Sunapee Shawl, Knit Picks Chroma fingering, knitdesigns by tianFor a more advance knitter, I would recommend the Sunapee Shawl. The yarn when blocked will bloom beautifully over the lacy section. Guess what? I found a ball of a single ply yarn in my stash (Knit Picks Chroma fingering in Confetti) and I’m making a Sunapee Shawl for myself. Already I am digging the stitch definition on the stockinette section. I can’t wait to see how the lace section turns out.

Second, to address the issue of pilling, there are a few things you can do. I recommended to Barbara that she make a project that will not wear through easily or high friction garments and accessories. For example, I wouldn’t recommend socks because these are hard wearing items and under most circumstances will not hold up.

Personally, I don’t want to see her fail. I don’t want to see her disappointed if socks that took her months to make get worn through after a few wears. Of course, there are things she can do to help prevent wear and tear, like using reinforcing thread. But like I said, even though she has been knitting for a long time, she’s still very much a beginner knitter and putting in that much time into socks and having them bust a hole only after a few wears would turn her off from sock knitting, maybe all knitting forever. So, I try to keep that in mind.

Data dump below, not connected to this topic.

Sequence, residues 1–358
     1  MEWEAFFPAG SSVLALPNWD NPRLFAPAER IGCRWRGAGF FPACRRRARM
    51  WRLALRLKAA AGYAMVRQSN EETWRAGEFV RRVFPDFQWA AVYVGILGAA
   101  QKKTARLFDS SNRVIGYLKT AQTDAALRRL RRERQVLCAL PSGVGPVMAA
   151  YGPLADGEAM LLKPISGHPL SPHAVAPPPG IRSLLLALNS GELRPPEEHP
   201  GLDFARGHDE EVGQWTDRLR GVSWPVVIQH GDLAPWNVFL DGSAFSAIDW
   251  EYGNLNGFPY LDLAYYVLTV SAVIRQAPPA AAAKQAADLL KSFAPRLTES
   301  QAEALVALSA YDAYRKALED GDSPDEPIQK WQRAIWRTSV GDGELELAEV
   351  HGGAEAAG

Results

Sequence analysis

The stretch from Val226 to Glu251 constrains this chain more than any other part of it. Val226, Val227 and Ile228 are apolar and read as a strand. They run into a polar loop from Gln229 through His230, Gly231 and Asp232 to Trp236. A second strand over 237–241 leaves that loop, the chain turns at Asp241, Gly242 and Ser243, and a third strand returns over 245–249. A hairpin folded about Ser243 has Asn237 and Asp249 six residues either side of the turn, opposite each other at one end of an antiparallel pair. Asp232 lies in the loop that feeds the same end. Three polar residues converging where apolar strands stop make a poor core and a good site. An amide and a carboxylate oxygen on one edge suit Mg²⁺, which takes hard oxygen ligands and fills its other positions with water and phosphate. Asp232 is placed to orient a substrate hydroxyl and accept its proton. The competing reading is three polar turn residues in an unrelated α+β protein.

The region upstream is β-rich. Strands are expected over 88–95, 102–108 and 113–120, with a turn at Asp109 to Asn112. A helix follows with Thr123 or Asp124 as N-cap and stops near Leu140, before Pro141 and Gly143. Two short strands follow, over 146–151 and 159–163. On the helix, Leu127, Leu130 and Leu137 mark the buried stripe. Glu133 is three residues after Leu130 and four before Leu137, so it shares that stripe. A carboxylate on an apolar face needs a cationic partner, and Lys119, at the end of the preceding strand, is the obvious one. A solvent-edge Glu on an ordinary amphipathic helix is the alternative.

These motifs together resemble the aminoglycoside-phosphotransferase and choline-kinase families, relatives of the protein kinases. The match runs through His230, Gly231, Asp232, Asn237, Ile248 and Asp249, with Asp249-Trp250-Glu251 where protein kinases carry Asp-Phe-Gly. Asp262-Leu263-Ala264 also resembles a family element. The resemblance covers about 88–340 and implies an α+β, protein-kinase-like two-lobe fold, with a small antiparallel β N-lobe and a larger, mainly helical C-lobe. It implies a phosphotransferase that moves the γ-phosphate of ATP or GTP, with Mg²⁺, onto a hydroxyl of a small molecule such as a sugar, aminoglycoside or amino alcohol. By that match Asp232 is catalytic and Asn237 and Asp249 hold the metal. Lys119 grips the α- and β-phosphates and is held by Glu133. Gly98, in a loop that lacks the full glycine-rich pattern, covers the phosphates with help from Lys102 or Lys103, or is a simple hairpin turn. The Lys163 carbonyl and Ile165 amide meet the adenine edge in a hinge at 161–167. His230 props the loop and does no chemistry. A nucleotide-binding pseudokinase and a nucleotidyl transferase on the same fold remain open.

Sunapee Shawl, Knit Picks Chroma fingering, knitdesigns by tianI also recommended for her to avoid garments what will see a lot of friction, like mitts and sweaters with sleeves where the underside of the sleeves will rub against the side of the body and pill like crazy. Yes, for an experience knitter, this is not a problem. Just use a gleaner or razor to remove the pills. But that’s a lesson for Barbara at a later date. But I know you and you want to knit a sweater. Go for it. Just be cognizant of the needle size you will be using. Use the recommended needle size on the ball band or even go down a size to make the fabric less loose. Swatch. And wash and abuse that swatch to see how the fabric holds up. The thing that causes pilling is the loose fibers in the fabric having lots of room to rub around with each other. Knit a bit tighter, not so dense that the sweater can stand up all by itself, but the fibers ae close and not able to more around freely.


What got me into thinking and understanding about yarn and their construction was learning how to spin my own yarn. I was able to learn how to create yarn that works for different circumstances.

If you are interested in learning about spinning and yarn, check out:



Alright, so I want to hear from you.
Do you knit with single ply yarns? If yes, what do you make? If no, what is holding you back? If you don’t even think about the number of ply in a yarn, I wanna know that too. Please share your experience so others can learn. Leave a comment below.
If you have a friend that you think would enjoy this post, please email them this post.

Thank you so much for reading and helping to spread the word.

Until next time... Stitch on

A rising tide lifts all boats

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* The negatives and positives of single ply yarns, and suggested patterns.

** The charity {The Weekly Yarn} is supporting for February is ACLU, to celebrate Black History Month. A portion from total profits from Ravelry sales will be donated at the end of the month.
*** Are you an aspiring knit and crochet designer needing more help figuring our where to start? Unlock your Inner Designer: How to start designing (course + workbook) is available for immediate download on Etsy. Get your printable PDF copy here. 

Are you an aspiring knit and crochet designer needing more help figuring our where to start?